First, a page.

European University Institute
Department of History and Civilisation
Via Boccaccio 121
50133 Firenze (Fi)
Preliminary title of Ph. D. project under preparation by the present author at European University Institute, Florence, under the supervision of Professor Bo Stråth with expected completion in August 2007:
Social planning discourses an modernity in the United States and Sweden in the interwar era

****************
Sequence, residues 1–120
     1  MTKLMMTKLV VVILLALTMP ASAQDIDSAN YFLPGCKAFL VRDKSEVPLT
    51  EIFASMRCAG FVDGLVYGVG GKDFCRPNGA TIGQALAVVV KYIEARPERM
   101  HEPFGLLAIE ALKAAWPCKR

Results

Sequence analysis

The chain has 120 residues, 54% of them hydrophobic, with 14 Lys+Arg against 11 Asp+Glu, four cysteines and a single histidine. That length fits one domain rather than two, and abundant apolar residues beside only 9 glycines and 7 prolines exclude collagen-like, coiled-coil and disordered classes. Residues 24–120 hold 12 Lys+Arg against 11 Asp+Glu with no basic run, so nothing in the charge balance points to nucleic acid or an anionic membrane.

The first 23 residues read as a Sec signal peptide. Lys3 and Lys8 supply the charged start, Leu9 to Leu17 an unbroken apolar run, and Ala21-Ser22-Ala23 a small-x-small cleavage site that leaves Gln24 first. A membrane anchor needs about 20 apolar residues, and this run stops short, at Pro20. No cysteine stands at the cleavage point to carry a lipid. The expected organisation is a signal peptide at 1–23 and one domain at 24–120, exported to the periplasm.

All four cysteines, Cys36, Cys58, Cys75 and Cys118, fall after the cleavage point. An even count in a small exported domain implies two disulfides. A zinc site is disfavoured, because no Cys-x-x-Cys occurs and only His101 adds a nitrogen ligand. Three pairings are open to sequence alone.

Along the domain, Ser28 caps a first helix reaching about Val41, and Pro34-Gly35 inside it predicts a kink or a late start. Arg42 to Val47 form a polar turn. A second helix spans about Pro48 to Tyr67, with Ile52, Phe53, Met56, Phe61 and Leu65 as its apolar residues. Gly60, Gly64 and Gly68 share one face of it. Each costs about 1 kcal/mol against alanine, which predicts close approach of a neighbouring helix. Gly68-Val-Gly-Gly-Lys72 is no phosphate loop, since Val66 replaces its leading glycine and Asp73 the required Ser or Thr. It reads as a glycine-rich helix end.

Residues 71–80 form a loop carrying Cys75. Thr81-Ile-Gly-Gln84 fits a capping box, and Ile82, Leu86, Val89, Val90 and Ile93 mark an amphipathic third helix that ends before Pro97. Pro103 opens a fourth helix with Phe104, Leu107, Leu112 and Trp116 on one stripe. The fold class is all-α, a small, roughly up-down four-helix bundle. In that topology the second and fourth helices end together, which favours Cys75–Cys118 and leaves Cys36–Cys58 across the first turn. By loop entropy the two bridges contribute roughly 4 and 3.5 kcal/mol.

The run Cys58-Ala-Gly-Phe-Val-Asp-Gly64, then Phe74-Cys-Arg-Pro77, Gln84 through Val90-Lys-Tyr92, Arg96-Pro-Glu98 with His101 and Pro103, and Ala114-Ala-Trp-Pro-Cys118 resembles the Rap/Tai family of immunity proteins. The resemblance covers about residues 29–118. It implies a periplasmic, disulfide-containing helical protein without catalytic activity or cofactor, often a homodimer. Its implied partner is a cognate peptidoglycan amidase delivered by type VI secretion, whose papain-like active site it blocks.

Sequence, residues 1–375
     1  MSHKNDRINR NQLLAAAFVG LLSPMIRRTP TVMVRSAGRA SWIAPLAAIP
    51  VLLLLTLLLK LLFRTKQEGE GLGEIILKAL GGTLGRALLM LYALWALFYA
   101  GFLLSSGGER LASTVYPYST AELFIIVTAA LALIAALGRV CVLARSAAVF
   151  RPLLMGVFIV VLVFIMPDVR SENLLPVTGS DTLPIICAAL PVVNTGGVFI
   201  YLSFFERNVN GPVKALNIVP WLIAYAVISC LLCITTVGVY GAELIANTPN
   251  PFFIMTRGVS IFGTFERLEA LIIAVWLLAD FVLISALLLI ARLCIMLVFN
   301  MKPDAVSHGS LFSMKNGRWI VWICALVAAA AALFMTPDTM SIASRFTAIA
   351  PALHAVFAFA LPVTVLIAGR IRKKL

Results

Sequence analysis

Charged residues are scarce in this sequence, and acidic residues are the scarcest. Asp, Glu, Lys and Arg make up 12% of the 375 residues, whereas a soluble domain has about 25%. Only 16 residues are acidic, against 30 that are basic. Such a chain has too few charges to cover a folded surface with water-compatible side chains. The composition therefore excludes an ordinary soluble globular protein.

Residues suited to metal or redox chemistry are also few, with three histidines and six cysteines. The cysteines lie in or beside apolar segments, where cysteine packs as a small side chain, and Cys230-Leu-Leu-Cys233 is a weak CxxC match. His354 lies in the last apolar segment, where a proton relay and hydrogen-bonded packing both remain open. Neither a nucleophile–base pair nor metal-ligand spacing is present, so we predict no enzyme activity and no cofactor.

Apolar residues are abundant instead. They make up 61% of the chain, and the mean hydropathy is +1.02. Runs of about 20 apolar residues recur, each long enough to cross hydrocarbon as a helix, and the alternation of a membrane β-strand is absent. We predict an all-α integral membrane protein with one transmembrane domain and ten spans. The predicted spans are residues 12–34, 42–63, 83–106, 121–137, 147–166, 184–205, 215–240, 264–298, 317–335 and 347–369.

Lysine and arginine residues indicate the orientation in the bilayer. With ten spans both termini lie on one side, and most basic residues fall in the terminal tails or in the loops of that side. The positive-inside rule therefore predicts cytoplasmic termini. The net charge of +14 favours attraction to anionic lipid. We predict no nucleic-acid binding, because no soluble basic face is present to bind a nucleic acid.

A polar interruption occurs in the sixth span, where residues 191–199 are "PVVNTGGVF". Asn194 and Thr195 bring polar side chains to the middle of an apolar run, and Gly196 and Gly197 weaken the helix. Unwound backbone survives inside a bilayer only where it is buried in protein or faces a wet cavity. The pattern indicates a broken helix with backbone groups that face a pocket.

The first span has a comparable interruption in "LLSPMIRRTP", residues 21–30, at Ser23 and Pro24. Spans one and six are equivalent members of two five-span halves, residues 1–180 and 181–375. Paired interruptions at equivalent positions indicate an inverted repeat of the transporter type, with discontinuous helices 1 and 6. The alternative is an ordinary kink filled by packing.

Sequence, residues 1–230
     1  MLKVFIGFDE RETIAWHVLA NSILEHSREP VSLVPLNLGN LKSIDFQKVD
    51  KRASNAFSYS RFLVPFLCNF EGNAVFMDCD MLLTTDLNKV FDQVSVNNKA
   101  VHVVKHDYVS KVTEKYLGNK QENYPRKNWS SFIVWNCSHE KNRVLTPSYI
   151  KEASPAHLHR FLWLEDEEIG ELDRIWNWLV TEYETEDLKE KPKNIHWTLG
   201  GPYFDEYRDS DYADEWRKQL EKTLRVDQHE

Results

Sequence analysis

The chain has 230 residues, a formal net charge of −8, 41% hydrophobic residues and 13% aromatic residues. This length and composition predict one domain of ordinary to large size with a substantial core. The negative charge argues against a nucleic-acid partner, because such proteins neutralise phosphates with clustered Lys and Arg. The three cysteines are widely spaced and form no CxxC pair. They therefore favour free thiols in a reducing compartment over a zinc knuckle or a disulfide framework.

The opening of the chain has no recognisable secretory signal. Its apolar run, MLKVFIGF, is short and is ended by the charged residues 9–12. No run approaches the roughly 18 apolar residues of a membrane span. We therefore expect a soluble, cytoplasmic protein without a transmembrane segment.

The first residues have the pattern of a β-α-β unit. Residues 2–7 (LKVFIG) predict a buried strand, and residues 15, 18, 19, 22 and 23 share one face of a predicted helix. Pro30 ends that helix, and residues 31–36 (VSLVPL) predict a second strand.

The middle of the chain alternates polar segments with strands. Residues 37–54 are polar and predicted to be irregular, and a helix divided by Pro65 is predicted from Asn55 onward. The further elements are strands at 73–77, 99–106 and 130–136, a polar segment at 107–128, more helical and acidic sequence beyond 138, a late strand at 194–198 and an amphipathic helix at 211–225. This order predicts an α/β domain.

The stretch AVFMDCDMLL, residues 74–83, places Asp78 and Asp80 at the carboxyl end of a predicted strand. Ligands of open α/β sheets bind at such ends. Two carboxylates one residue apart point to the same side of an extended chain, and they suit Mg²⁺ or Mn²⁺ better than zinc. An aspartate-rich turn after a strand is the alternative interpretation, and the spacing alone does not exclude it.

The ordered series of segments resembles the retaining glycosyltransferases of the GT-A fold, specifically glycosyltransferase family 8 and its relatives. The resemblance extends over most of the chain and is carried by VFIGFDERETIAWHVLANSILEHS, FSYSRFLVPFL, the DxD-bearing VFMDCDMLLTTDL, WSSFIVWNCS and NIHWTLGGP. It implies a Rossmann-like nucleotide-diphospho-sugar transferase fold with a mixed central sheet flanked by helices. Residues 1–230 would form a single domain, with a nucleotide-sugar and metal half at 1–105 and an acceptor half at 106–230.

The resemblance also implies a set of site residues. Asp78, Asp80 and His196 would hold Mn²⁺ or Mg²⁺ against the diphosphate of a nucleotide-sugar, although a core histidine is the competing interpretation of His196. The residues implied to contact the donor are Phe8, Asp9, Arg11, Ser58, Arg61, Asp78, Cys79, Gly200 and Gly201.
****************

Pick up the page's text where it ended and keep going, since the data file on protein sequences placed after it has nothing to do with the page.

The present project is a comparative study of how American and Swedish social scientists-e.g. economists, political scientists, psychologists, sociologists, statisticians-discussed social rationalization, i.e. the idea of applying science, and social science in particular, to 'society' and politics in order to guide social behaviour, with special regard to the period from the Black Thursday in 1929 to the end of WW2 in 1945. The objective is to map out how ideas of certainty and uncertainty were mediated in the unstable modern environment by some of the harbingers of modernization, in this case social scientists. How did they view crisis and risk, opportunity and progress, as represented by cultural, economic, scientific, social, and technological modernity? How did their perceptions on these matters affect their visions of conscious social control or "social planning?" What self-images were held by American and Swedish social scientists, and what roles did they ascribe to themselves in this formative moment in the development of American and Swedish social reform thinking? In short, how did their perceptions of modernity and their views of themselves and their positions in an imagined process of modernization affect their political and social commentary? By using a linguistic approach in comparing how the advocates of social engineering "spoke" "social engineering" and "social planning" and thereby contributed to the creation of "national" languages of social welfare in these two countries-both of which can be seen as examples of "successful modernization" (Arvidsson in Almqvist & Glans, 2001)-or perhaps better as successfully "organized modernity" (Wagner, 1994). Studying these questions may (1) deepen the understanding of specificities of American and European modernity and at the same time (2) contribute to a long awaited and much needed conceptual history of "social engineering" and "social planning," and the roles of these concepts in wider discourses on modernity in these two states respectively.